June 2, 2020

Another Raw Milk Campylobacter Outbreak in Alaska

A second Campylobacter outbreak that has sickened at least five people has been associated with a cow-share program on the Kenai Peninsula, according to the Alaska Department of Health and Social Services.  A March Campylobacter outbreak associated with that same cow-share sickened 31 people, leaving four with reactive arthritis.

Campylobacter raw milkTwo of the five people sickened in this outbreak sought medical attention. Testing by the Alaska State Public Health Laboratory matched the outbreak strain of Campylobacter jejuni to one found in cow manure at the farm during the earlier outbreak. “The genetic fingerprint of the bacteria isolated from these two people and the cow is unique. It has never been seen before in the United States,” Dr. Joe McLaughlin, State Epidemiologist, said in a  statement. “These outbreaks are an unfortunate reminder of the inherent risks associated with raw milk consumption, and underscore the importance of pasteurization.”

In Alaska, raw milk is illegal unless the milk is consumed by the cow’s owner, so raw milk enthusiasts there form cow or goat shares.  Members of animal-share programs are considered owners of animals that are tended by a farmer.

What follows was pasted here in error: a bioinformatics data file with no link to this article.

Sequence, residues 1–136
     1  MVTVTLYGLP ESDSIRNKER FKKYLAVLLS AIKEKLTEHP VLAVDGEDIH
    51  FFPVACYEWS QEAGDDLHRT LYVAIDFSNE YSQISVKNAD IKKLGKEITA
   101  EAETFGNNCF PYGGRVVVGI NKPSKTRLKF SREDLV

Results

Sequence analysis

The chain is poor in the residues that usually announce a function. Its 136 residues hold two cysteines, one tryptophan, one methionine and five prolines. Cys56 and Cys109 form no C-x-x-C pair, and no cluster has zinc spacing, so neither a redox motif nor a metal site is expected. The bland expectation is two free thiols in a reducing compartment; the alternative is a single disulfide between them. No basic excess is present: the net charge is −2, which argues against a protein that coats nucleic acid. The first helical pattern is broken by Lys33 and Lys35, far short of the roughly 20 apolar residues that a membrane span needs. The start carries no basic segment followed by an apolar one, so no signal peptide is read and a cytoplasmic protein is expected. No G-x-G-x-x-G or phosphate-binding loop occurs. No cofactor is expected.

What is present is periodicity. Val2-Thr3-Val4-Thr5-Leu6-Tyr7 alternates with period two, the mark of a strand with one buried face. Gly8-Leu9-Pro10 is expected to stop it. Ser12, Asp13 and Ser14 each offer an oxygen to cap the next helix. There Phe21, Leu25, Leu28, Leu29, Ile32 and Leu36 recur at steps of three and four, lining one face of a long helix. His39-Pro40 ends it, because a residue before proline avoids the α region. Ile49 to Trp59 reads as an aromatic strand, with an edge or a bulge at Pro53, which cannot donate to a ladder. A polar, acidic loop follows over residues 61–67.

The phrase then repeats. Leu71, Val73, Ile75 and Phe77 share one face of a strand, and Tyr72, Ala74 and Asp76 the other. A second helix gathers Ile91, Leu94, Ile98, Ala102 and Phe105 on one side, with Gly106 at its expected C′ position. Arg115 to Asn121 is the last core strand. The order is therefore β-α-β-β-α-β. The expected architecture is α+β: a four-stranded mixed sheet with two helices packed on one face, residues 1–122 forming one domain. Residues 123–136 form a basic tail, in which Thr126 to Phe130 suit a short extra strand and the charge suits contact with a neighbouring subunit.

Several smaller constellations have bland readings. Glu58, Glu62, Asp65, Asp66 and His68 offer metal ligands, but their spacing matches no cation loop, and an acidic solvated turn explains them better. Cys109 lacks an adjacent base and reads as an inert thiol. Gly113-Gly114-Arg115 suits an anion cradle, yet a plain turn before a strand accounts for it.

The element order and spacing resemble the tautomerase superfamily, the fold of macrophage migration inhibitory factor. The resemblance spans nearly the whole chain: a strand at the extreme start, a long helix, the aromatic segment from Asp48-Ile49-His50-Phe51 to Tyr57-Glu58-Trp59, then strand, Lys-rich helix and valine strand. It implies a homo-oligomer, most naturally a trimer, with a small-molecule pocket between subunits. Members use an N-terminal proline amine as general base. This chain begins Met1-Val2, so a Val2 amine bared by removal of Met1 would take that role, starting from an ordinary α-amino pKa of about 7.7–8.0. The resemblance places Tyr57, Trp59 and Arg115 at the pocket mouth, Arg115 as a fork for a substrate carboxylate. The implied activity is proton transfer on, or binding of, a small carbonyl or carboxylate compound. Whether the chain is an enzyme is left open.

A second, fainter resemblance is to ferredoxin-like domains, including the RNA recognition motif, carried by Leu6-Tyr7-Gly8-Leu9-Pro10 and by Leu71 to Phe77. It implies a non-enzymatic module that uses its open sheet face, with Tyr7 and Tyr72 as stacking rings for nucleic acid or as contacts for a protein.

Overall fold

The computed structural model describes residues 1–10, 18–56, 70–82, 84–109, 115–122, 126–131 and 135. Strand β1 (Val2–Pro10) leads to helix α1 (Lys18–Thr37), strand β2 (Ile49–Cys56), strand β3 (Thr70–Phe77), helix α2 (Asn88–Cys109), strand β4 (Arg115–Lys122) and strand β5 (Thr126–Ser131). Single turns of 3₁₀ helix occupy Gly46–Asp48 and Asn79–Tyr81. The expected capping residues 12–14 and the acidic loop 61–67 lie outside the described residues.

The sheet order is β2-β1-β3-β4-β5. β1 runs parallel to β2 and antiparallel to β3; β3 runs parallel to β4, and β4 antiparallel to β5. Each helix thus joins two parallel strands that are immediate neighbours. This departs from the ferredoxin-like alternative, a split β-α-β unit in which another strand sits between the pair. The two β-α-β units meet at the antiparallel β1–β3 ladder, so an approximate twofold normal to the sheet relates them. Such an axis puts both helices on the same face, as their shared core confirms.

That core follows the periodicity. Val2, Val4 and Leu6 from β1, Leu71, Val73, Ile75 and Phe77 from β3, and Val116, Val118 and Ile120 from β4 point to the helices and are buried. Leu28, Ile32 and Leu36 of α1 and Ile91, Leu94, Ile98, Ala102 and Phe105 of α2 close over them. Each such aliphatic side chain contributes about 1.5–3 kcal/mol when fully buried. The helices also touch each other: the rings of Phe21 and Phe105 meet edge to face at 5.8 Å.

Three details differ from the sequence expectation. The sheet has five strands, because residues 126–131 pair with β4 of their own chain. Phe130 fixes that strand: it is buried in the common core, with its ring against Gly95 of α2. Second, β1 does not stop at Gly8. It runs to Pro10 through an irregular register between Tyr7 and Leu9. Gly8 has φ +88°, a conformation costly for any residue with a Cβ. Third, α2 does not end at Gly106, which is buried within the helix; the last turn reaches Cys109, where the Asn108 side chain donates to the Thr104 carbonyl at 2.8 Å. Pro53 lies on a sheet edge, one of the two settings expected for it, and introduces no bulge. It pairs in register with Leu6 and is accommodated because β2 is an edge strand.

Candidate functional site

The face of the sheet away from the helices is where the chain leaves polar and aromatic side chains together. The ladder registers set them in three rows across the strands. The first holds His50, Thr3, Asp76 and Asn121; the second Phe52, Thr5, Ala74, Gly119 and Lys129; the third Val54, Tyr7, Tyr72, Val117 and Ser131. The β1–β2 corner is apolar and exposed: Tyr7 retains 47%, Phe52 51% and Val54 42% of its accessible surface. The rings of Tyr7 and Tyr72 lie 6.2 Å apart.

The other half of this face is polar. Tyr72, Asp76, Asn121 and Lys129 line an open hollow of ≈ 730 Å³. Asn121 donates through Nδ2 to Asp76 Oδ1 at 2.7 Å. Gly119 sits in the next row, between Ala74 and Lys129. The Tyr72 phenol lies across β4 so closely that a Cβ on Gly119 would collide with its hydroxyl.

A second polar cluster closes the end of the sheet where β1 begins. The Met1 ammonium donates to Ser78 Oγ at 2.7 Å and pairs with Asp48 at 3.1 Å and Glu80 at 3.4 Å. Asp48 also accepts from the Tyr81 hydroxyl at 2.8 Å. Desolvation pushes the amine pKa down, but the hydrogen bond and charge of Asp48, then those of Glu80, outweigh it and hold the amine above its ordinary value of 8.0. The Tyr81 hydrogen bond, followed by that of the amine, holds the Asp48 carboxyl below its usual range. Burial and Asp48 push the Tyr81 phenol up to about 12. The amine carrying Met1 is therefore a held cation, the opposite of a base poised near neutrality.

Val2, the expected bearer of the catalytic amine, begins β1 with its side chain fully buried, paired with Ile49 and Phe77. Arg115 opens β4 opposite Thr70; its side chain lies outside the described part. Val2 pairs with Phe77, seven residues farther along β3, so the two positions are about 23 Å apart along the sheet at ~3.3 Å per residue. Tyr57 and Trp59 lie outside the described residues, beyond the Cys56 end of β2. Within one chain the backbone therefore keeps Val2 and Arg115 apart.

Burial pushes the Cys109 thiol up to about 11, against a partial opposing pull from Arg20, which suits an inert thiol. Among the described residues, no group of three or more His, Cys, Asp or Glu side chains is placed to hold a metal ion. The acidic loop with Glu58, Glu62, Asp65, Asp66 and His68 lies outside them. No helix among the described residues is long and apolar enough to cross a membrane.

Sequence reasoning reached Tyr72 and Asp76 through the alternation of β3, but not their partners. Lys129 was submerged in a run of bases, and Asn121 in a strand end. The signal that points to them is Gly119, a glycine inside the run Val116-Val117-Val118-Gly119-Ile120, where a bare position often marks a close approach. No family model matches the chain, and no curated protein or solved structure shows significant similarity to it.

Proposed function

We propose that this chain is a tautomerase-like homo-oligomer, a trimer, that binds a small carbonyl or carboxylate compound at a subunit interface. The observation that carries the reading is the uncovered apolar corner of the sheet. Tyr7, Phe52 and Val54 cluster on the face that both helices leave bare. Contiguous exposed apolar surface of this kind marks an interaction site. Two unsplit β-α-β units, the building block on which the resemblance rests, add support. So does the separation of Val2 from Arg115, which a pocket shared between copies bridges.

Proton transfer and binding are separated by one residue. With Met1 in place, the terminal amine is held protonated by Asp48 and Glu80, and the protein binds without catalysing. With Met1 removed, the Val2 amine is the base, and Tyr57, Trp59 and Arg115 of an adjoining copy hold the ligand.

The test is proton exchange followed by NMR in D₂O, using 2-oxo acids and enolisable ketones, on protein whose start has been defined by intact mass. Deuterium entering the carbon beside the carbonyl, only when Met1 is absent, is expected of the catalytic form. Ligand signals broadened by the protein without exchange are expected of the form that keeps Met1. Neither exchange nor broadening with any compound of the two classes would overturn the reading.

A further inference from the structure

Symptoms of a Campylobacter infection include diarrhea, muscle plain, abdominal pain and fever which can persist up to 10 days. These infections are especially hard on young children, seniors and those with compromised immune systems including pregnant women. A Campylobacter infection can aslo have long-term  complications including reactive arthritis , which causes swelling, heat redness and pain in the joints; and  Guillain-Barre Syndrome, which causes paralysis and can sometimes be fatal.

Report Your Food Poisoning Case
[contact-form-7 404 "Not Found"]

Home About Site Map Contact Us Sponsored by Pritzker Hageman, P.A., a Minneapolis, MN law firm that helps food poisoning victims nationally.